The 7 stages of ghosting grief
To quote the ever-wise Hilary Duff: "Waiting for you is like waiting for rain in this drought. Useless and disappointing."
As a fiercely independent Aquarius, I’ve spent much of my life single and unattached but that’s not to say I haven’t experienced all the usual pitfalls of modern dating, because I have. Including ghosting, which I have learned incurs a seven-step grieving process if you’re to come out the other end in one piece.
Ah, ignorance is bliss they say, and boy are they right. Stage one is pre-Kylie Jenner realising stuff, when everything still seems perfectly normal and the fact that you haven’t gotten a text back doesn’t necessarily strike you as odd… yet.
Ignorance quickly bleeds into denial which is similar to its predecessor but this time you’re acknowledging that something’s up.
Acknowledging but definitely not accepting. Denial is characterised by several falsified scenarios in which you account for the complete radio silence you’re experiencing. Maybe the person you’re interested in lost their phone. Maybe they’re asleep. Maybe they had a very unfortunate accident and are not seriously injured but are concussed and therefore unable to contact you. All technically possible but highly (highly!) unlikely.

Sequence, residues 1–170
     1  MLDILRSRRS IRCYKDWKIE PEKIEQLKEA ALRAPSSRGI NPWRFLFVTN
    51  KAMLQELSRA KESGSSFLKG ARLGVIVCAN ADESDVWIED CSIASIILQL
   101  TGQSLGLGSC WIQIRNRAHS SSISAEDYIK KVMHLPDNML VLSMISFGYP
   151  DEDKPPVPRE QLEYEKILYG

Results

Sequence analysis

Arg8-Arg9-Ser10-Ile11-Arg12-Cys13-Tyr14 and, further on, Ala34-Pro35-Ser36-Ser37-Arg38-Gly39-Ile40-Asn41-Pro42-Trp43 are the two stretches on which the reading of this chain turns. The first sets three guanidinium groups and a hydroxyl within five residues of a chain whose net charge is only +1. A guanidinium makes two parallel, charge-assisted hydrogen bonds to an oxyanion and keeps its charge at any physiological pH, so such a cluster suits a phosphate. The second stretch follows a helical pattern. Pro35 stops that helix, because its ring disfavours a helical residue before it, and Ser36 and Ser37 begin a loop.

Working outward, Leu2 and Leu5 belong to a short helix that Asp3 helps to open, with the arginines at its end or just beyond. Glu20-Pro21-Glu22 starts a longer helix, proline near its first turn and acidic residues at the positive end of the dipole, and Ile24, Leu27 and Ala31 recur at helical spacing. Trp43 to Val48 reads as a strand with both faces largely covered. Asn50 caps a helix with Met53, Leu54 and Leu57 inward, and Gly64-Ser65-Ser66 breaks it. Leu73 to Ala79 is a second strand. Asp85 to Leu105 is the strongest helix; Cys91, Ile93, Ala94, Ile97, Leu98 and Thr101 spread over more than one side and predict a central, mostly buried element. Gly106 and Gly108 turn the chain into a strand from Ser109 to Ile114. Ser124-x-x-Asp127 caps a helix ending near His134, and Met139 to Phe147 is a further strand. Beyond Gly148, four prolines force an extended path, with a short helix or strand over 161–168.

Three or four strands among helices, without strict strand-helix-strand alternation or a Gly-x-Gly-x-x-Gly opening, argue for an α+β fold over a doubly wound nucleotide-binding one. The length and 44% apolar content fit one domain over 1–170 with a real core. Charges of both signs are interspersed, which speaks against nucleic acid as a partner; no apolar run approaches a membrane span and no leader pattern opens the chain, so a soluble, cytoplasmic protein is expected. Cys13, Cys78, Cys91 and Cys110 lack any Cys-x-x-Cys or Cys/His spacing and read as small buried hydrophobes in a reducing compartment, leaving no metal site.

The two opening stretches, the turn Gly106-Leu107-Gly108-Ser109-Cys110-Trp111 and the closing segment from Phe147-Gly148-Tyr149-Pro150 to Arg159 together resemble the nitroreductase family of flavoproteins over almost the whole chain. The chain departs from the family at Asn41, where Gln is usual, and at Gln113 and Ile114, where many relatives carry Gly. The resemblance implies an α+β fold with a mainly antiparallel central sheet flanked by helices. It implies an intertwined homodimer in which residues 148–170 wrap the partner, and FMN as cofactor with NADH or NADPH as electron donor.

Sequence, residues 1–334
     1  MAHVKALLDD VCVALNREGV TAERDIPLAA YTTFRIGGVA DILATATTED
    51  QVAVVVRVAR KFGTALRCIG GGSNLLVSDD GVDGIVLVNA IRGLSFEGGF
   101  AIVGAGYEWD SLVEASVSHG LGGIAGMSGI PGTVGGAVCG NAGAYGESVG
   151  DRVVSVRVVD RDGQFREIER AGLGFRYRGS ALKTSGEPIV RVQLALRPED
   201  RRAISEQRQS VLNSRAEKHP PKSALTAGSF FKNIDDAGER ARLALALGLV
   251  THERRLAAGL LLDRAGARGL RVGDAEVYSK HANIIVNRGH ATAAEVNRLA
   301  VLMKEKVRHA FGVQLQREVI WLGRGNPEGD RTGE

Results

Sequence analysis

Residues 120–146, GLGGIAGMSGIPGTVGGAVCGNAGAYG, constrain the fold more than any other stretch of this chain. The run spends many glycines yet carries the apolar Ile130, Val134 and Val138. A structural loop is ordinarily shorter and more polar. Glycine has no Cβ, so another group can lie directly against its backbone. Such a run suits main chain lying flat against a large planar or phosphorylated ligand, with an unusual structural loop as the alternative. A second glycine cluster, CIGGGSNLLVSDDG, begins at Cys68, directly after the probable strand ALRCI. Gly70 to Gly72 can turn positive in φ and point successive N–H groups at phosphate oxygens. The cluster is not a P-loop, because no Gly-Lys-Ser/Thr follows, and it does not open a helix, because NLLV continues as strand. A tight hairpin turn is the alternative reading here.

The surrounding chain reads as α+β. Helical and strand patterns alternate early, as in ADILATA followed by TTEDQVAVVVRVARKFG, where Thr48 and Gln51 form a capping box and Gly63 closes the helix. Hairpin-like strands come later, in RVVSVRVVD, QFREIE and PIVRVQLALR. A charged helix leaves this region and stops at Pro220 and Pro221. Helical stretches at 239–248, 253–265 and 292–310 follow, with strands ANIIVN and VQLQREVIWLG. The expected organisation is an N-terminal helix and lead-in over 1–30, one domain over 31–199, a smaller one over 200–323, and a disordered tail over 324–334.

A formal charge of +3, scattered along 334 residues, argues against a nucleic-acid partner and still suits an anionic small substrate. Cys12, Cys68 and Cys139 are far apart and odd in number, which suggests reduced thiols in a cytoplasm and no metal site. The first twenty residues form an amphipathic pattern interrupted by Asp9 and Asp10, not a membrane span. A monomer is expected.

Next up is sadness. This one hurts. Somehow the notion that their silence is intentional enters your brain and once it does, there’s just no shaking it. The whole relationship flashes before your eyes and suddenly you’re forced to face the loss head-on. Perhaps it wasn’t even a relationship to begin with, but then again, length of time is irrelevant here.
I will be retaliating at a later date.
— Dionne Warwick (@dionnewarwick) December 29, 2021
After that, it’s anger. Usually fuelled by words of encouragement from your best friend, you’re likely to spend much of this stage thinking “how very dare they?!” This stage also gives way to many one-sided conversations in which you say all you have to say, swiftly turn on your heel and storm off feeling like a bloody rockstar.
Stage five is typified by a sense of hope. Hope that things will work out. Hope that they’ll realise what they’re missing out on and text you back. Hope that you misinterpreted the whole thing in the first place. Grief, I’ve learned, is never a linear process and stage five often gives the impression that you’re moving backwards, not forwards. But trust the process.
The final two stages slightly overlap. Acceptance comes first (at long last!), shortly followed by a sense of peace or nonchalance. At this point you realise that your mother was right all along – what’s for you won’t pass you – and you release all your frustration out into the world, wishing your ghoster a happy existence… or at the very least, a return to the land of the living.